Army cloud leader Paul Puckett wrapping up 3-year term

Paul Puckett joined the Army from private industry to help shepherd cloud adoption.
Paul Puckett, Enterprise Cloud Management Agency, spoke to Association of the United States Army annual meeting attendees during the Oct. 13, 2021 Army Advanced Technologies (Cloud and Data) Warriors Corner event at Washington, D.C.'s Walter E. Washington Convention Center. (Army photo by Edward Loomis)

Updated at 4:45pm, Nov. 9, 2022: This story has been updated to include comments from Paul Puckett about his next steps, and to reflect that he hasn’t publicly stated whether he’s leaving the Defense Department.

CHANTILLY, Va. — The Army’s cloud guru charged with shepherding IT modernization is about to complete his three-year term.

Paul Puckett was hired by the Army in 2019 from private industry to help the service pursue cloud adoption.

“In 16 days, who’s counting, will be the completion of my three-year term with the United States Army,” he said at AFCEA Belvoir’s Industry Days conference on Tuesday. “Looking back at the last three years, I would say that we’ve had some pretty strong momentum, but there’s more that needs to be done.”


Puckett was brought in to lead the Army’s Enterprise Cloud Management Office and help the service get more serious about moving to the cloud. Since he jointed the government, his office has been elevated to an agency under the chief information officer, with new authorities and responsibilities.

Puckett noted this week that when he was initially hired, the Army secretary at the time described a vision of going “all-in” on the cloud, an effort which would be completed in about three years and eliminate the need for the management office.

“I’ve seen that done before,” Puckett recalled saying at the time. “I’ve seen the ‘all-in’ movement, I’ve seen the lift and shift, get there by hook or by crook, kind of a thing. Let me tell you, I’ve seen it a few different times and it just leads to failure.”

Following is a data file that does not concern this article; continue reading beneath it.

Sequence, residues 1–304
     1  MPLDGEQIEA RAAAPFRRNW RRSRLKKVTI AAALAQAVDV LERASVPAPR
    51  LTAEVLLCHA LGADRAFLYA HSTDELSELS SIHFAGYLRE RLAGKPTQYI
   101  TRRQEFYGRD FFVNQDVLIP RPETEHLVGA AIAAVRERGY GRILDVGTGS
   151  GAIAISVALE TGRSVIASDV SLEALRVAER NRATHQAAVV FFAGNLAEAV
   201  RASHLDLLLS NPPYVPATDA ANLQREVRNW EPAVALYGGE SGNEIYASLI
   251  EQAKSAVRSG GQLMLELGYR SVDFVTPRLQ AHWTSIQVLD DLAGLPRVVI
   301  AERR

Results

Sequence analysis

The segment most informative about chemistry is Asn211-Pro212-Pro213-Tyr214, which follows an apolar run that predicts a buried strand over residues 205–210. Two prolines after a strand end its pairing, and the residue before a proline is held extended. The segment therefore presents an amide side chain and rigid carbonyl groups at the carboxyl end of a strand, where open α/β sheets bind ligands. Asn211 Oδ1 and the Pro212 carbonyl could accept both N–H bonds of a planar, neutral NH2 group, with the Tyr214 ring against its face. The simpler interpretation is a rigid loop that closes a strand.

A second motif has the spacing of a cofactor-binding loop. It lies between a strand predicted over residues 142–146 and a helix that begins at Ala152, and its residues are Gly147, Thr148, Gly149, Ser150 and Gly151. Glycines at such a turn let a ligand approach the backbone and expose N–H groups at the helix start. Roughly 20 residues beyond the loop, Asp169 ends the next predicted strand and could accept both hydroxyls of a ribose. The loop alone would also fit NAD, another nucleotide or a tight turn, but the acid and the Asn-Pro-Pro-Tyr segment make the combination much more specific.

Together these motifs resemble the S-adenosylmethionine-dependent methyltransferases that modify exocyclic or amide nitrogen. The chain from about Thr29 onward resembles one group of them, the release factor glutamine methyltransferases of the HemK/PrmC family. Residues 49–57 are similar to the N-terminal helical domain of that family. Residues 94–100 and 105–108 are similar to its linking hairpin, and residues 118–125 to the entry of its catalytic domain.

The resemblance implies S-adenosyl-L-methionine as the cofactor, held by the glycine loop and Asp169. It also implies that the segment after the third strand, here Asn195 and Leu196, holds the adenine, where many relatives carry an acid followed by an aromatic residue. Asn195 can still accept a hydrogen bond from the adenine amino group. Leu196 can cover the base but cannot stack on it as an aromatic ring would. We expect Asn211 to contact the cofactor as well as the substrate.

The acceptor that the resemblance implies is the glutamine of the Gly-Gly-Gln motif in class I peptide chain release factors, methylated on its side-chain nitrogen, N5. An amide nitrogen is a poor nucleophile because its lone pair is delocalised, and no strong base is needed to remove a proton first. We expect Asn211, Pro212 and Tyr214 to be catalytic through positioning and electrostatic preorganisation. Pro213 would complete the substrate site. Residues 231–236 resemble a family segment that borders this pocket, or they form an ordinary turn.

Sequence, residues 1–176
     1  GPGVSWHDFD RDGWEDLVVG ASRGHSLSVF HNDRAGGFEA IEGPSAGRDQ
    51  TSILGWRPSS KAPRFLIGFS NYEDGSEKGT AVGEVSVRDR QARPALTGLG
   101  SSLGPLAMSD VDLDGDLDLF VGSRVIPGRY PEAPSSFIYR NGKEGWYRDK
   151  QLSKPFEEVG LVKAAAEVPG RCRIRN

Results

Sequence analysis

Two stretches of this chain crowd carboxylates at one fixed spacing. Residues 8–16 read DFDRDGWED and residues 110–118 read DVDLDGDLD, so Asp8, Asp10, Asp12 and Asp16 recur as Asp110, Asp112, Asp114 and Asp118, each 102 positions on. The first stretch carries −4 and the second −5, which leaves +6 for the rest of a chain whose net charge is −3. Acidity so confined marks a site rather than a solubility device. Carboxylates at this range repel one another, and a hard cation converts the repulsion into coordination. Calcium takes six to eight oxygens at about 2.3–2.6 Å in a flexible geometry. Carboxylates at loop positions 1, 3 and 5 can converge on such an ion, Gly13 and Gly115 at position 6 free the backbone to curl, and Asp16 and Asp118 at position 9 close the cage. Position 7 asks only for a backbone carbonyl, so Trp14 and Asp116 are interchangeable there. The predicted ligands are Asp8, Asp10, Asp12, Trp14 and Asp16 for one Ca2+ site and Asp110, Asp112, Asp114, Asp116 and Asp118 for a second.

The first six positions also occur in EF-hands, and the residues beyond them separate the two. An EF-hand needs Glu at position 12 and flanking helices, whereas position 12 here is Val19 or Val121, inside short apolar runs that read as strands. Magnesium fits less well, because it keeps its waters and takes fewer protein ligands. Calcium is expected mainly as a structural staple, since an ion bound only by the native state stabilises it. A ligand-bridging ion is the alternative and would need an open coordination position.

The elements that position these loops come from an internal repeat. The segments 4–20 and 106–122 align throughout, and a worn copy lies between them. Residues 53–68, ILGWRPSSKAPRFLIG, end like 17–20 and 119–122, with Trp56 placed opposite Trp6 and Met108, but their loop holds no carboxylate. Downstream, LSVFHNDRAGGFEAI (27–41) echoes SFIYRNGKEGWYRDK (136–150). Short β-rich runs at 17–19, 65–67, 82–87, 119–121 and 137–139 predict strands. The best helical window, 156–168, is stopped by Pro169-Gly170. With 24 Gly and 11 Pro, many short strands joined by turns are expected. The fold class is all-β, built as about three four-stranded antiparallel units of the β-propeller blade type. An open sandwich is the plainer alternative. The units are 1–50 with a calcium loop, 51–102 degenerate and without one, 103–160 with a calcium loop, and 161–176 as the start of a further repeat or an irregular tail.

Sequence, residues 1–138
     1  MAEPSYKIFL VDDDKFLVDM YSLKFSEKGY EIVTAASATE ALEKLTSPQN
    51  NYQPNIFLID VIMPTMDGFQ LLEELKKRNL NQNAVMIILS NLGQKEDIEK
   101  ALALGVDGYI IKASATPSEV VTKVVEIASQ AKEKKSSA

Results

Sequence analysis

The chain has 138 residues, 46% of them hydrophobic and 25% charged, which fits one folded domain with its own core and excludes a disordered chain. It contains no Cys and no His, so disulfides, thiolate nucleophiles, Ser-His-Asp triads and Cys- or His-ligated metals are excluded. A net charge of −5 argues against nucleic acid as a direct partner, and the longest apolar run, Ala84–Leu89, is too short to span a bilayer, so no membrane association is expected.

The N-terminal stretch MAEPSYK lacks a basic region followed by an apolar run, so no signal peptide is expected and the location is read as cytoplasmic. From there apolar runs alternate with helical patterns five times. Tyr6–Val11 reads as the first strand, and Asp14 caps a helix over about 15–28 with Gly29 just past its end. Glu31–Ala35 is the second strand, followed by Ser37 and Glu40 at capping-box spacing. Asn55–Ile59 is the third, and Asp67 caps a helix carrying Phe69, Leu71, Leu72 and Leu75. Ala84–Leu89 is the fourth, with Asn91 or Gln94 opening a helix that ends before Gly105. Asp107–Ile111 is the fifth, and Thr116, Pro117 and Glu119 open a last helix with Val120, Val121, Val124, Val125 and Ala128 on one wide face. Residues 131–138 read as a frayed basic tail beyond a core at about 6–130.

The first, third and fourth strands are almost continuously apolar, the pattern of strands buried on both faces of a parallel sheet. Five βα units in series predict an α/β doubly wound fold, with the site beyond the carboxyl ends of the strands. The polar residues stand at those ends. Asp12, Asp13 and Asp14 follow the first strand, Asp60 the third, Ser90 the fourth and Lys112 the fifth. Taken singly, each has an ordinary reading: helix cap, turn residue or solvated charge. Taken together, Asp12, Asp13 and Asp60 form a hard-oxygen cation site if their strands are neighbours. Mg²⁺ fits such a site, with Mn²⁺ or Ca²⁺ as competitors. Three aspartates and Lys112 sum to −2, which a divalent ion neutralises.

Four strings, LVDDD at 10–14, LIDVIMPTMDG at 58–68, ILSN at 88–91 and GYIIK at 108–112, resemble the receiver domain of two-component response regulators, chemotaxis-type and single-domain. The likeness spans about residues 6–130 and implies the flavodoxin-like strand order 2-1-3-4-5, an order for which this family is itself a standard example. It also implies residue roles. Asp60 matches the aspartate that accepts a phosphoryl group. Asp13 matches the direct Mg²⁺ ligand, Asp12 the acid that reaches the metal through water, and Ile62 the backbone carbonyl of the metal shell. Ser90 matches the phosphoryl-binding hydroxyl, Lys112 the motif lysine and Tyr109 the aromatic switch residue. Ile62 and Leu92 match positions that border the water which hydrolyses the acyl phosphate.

It won’t work, he said, because this approach just shifts problems to another environment. Instead, he suggested the Army start small and build skill sets.

“Starting small isn’t just about taking smaller bites, it’s taking smaller bites [so] you don’t choke. It’s always been a goal of mine with the Army when it comes to adopting cloud is that we don’t choke,” Puckett said.


The Army released its new cloud plan in October, replacing the prior one from 2020.

Additionally, the Army is readying a $1 billion contract vehicle to support its hybrid cloud development. The Enterprise Application Migration and Modernization (EAMM) contract will be run out of the Enterprise Cloud Management Agency.

“My next steps are still being evaluated but, like my entire career, my next role will remain focused on bringing people, process and emerging technology together to accelerate outcomes supporting our national security strategy,” Puckett wrote in a message to DefenseScoop on Wednesday.

He declined to say whether he plans to remain at the Defense Department or move to a different organization, reiterating that his next steps are still “being evaluated.”

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